By: Suzanne Canada, Ph.D.
Tanager Medical Writing
An ongoing barrage of information and mis-information has been dispersed through various media about the dangers of toxins in our environment. Although everyone agrees that you certainly should avoid ingesting, inhaling, or absorbing toxins into your body; your body has natural ways of removing toxins. Some new fads claiming that you need to “detox” to assist in the process may actually harm you more than help.
There are certainly many pollutants in the world today that should be minimized or avoided1. Naturally occurring sources of toxins in the environment include:
- Other people: who can carry human pathogens
- Food poisoning: due to contamination with E. coli, Salmonella, or even Botulism
- Wild animals: that may carry typhus, viruses, cholera (e.g., rats in Manhattan were recently surveyed by researchers at Columbia University and were found to carry many bacteria and viruses)
- Bacillus and Clostridial bacteria, the spores of which exist naturally in soil
- Plant toxins (lectins, tannins, alkaloids) that limit herbivore ingestion and damage
- Air pollution: dust, pollen, fungal spores such as mold and mildew
However, hype about the prevalence of toxins in our homes for the purpose of selling extreme detoxification products and procedures could hurt people both physically and financially. Misinformation has been widely promoted, claiming that these toxins are the source of many health problems such as ADD, autism, chronic fatigue, and even cancer. In fact, detoxification is sometimes appropriate when prescribed by doctors in the healthcare setting:
“In the setting of real medicine, detoxification means treatments for dangerous levels of drugs, alcohol, or poisons like heavy metals. Detoxification treatments are medical procedures that are not casually selected from a menu of alternative health treatments, or pulled off the shelf in the pharmacy. Real detoxification is provided in hospitals when there are life-threatening circumstances.” 3
Increases in the use and promotion of “Detox” diets, products, and procedures has brought them under scrutiny of some health researchers. In one case, researchers from Georgetown University Medical School looked at 20 studies published in the last decade and found no evidence of benefit to colon cleansing.4 An investigative article by Consumer Reports reported that their medical consultants questioned the need for detoxification at all! 5 Another evaluation published at WebMD concluded that you could quickly lose a weight using a detox diet, but you will have to endure hunger, weakness, and could experience side effects of low energy, low blood sugar, muscle aches, dizziness, and nausea. Other health authorities point out that the human body has natural processes to handle the elimination of toxins, no matter what you eat.6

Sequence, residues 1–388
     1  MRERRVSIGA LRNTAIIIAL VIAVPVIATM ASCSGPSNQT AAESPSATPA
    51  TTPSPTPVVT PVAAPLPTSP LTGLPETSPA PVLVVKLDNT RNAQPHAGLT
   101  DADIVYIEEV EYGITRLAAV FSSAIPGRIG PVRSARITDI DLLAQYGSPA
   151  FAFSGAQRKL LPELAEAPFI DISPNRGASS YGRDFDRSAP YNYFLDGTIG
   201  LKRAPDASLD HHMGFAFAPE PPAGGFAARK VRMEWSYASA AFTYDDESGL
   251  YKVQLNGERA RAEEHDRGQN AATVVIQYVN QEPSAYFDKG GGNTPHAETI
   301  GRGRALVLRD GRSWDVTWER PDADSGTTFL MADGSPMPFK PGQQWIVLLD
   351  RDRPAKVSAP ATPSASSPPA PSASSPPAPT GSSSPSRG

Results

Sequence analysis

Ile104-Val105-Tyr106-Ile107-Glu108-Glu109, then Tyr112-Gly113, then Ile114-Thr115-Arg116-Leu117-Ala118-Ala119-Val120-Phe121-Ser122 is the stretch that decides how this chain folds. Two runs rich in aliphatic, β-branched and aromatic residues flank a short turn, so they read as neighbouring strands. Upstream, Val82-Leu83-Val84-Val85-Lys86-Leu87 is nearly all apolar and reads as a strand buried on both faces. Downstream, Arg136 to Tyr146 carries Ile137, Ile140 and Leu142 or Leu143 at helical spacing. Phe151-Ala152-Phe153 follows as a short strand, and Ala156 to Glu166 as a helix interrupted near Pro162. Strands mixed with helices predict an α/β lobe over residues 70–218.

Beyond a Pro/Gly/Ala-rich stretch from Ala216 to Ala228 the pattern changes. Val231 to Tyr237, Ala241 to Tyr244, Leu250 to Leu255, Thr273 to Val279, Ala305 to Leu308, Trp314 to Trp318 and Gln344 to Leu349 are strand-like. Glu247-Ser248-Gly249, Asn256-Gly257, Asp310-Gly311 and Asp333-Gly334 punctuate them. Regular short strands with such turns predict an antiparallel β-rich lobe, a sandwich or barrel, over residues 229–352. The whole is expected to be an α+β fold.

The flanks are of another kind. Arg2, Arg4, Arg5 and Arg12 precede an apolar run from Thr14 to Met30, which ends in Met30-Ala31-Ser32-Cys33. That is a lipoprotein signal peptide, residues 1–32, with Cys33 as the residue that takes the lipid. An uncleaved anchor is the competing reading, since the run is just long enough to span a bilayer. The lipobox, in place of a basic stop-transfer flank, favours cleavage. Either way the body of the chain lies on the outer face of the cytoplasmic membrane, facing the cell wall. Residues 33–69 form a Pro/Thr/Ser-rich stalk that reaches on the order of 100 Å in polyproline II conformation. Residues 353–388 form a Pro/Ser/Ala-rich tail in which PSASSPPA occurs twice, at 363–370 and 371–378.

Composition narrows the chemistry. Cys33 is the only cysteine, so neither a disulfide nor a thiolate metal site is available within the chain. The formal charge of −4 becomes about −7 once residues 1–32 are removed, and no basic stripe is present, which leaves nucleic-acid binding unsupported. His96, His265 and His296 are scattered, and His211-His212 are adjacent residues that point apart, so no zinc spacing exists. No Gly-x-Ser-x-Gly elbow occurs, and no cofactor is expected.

How Does Your Body Get Rid of Toxins?
Far from being helpless, the human body has developed many ways to defend itself against toxins in the environment. 8 The body defends itself through three major organ systems:
1. The skin and gut, which act as a physical barrier.
2. The kidneys and liver: The primary function of the liver, kidneys, and urinary system is to expel toxins that result from the body’s metabolism of food and drink 7.
3. The immune system: Organs including lymph nodes, bone marrow, thymus, and white blood cells resist or eliminate potentially harmful foreign materials or abnormal cells. Their major targets are bacteria and viruses. White blood cells (Lymphocytes: B-cells, T-cells, macrophages, etc) are highly specialized cells which recognize and destroy specific targets.
The innate immunity and the complement system consist of 11 plasma proteins produced by the liver, usually activated by pathogens and antibody complexes, which help to eliminate pathogens. This mechanism includes inflammation, which is the human body’s first defense that destroys invaders, and prepares affected areas for healing and repair.
- US EPA website: www.epa.gov
- Paul T., (2014) New York’s Rat Population Hosts Dangerous Pathogens. Columbia University Medical Center.
- Gavura S., (2014). The Detox Scam: How to spot it, and how to avoid it. Science-Based Medicine.
- Raymond J., (2011). Detox danger: Trendy colon cleansing a risky ritual. NBC News.
- Do you really need to detox? Consumer Reports, Jan 2009.
- Zelman K., (2016). The Truth About Detox Diets. WebMD.
- Liver, Kidney and Urinary System. NetDoctor, 2016.
- Ritchison G., Blood and Body Defenses II. BIO 301 Human Physiology.